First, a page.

In 2009, Dow's sales exceeded $45 billion and the company employed approximately 52,000 people worldwide. Dow manufactures more than 5,000 products at 214 sites in 37 countries across the globe.
Northeast-NStar merger will add jobs, not eliminate themNortheast Utilities and NStar will soon be merging to create one of the largest power utility companies in the United States, boasting a combined value of $17.5 billion.

Despite the behemoth that will result from the companies' merger, Michael Durand, a spokesman for the NStar, has sworn that its 20,000 customers on Cape Cod and Martha's Vineyard won't see a drastic increase on their electricity bills.

In addition, Durand added that the merger will not result in any layoffs. Rather, the increased capital will allow the companies to push forward with $9 billion in infrastructure projects over the next five years.

"The merger is about growth, not about job elimination," Durand said, adding that the proposed infrastructure projects would create jobs, rather than destroy them.

The merger could also prove to be a boon for wind farms on the Massachusetts islands, although no promises have been made. Currently, state law requires that power utilities such as NStar and Northeast Utilities get 3 percent of their power from renewable energy sources, such as Cape Wind. However, NStar has not negotiated with Cape Wind for a while, Durand stated - although he added that the renewable energy represented by hydropower it imports from Quebec does not preclude the company from entering into an agreement with Cape Wind.

The NStar-Northeast merger is not the only utility merger in the works. Allentown, Pennsylvania-based PPL has agreed to buy Louisville Gas & Electric and Kentucky Utilities in April from its German parent company E.On for $7.6 billion, in a deal expected to be completed by the end of 2010.
The Health Care Financial Management Association (HFMA), NJ Chapter is holding their 34th Annual Institute right now at the Borgata Hotel in Atlantic City, NJ. This event runs from October 20-22 and brings in industry leaders and speakers to help find solutions to challenges faced by finance professionals in Health Care industries. To learn more, visit: http://www.njhfmainstitute.org/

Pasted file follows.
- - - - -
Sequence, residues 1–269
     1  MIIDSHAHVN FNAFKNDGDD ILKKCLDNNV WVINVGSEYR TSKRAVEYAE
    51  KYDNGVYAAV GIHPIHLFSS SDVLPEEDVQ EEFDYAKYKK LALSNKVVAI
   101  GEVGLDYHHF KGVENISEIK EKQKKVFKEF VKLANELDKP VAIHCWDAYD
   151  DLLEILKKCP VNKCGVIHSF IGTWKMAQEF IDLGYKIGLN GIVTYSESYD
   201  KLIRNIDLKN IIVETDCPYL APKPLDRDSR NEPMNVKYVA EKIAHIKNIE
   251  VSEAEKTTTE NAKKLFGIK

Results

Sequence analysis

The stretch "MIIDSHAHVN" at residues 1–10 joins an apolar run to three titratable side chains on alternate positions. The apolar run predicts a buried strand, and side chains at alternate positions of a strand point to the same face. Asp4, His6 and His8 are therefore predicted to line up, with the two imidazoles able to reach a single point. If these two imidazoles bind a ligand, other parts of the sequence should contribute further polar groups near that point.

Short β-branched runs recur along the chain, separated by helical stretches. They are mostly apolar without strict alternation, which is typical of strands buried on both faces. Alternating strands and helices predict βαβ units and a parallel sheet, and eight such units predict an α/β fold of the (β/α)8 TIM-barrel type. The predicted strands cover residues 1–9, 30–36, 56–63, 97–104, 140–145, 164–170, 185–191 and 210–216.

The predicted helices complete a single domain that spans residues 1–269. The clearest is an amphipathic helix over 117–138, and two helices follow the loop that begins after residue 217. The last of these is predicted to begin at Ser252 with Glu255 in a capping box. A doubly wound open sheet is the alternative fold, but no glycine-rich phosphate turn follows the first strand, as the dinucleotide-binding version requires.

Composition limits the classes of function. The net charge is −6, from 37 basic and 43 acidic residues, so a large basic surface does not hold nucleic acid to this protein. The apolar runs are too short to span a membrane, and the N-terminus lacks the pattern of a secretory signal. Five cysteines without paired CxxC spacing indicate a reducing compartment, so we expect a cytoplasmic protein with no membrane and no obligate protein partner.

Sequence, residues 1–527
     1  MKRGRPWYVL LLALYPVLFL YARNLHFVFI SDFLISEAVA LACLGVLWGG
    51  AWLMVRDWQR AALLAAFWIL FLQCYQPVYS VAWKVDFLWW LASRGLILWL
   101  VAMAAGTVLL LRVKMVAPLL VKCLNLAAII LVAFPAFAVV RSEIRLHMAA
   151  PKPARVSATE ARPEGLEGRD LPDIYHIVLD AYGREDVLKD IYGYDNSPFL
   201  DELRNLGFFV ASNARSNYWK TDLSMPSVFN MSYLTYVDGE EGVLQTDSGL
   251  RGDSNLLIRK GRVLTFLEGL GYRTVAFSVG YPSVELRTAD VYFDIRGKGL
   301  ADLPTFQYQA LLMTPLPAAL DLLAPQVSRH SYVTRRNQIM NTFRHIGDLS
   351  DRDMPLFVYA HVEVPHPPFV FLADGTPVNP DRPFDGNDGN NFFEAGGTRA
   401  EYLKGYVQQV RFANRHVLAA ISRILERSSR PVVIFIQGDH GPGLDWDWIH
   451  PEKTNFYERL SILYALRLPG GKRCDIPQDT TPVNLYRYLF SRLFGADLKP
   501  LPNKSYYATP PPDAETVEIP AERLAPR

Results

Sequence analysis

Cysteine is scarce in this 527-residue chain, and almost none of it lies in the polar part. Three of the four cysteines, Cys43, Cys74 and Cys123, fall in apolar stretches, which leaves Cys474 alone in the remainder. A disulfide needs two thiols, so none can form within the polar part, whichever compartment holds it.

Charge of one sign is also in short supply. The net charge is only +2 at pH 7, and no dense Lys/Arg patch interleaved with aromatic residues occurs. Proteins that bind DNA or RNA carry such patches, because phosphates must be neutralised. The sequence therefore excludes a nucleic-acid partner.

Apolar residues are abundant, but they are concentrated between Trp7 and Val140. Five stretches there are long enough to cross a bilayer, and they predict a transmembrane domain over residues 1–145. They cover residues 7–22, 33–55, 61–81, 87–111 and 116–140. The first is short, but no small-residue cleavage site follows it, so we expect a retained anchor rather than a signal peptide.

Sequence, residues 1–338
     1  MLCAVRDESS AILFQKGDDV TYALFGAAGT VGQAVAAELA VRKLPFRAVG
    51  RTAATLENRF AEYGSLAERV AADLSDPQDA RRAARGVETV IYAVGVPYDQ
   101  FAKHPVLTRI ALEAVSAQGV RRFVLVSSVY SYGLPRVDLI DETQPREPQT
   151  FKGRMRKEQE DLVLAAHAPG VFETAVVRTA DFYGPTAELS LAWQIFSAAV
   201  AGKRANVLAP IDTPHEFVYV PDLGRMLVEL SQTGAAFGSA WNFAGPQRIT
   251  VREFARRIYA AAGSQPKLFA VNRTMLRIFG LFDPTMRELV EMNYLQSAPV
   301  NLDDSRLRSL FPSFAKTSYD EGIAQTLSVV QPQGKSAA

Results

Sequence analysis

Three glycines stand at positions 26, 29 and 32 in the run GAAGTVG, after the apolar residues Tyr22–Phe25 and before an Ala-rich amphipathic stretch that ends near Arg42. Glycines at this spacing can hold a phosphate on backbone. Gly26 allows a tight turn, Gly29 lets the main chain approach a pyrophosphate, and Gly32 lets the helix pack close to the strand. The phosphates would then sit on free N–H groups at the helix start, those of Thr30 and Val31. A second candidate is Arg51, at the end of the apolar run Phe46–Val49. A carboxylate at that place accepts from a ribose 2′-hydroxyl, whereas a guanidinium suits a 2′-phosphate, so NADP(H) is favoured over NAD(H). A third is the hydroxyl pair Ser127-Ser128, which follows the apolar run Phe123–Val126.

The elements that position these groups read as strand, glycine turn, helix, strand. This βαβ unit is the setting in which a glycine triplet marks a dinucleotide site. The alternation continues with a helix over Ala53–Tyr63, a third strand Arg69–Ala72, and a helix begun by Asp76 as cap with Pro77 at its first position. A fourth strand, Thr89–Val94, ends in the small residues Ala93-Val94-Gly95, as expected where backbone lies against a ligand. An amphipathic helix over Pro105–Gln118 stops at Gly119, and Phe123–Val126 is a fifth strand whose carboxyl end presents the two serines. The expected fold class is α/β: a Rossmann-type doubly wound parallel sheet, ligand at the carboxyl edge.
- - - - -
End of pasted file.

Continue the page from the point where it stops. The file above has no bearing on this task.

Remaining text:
If you plan on attending, please join Source One in Studio B from 3:15 p.m. to 4:05 p.m on October 20th. Speaking will be Steven Belli, CEO of Source One Management Services, and Jeffrey Blumengold of WhithumSmith+Brown, PC.
Together, they will be presenting:
    "Doing More with Less - A Financial Reality Check and Survival Guide".

A quick synopsis:
"With Healthcare Reform now passed and looming changes on the horizon, many institutions are looking for ways to continue to provide the same level of service to the community, even as revenues decline. This session will provide an overview of trends, as well as the likely impact that the impending changes will have on revenues, and provide strategies to reduce non-employee related costs. Effectively managing these costs often can provide a huge impact on bottom line growth. Two critical components to cost reduction that many organizations overlook include market intelligence and supply strategies. Market intelligence is required to develop savings targets for each spend category. There are hundreds of informational sources available to help gather the data needed to prepare a supply strategy. Different supply strategies are needed for each spend category and specific circumstance. Find out which strategy to use and the skills needed to successfully deploy the strategy."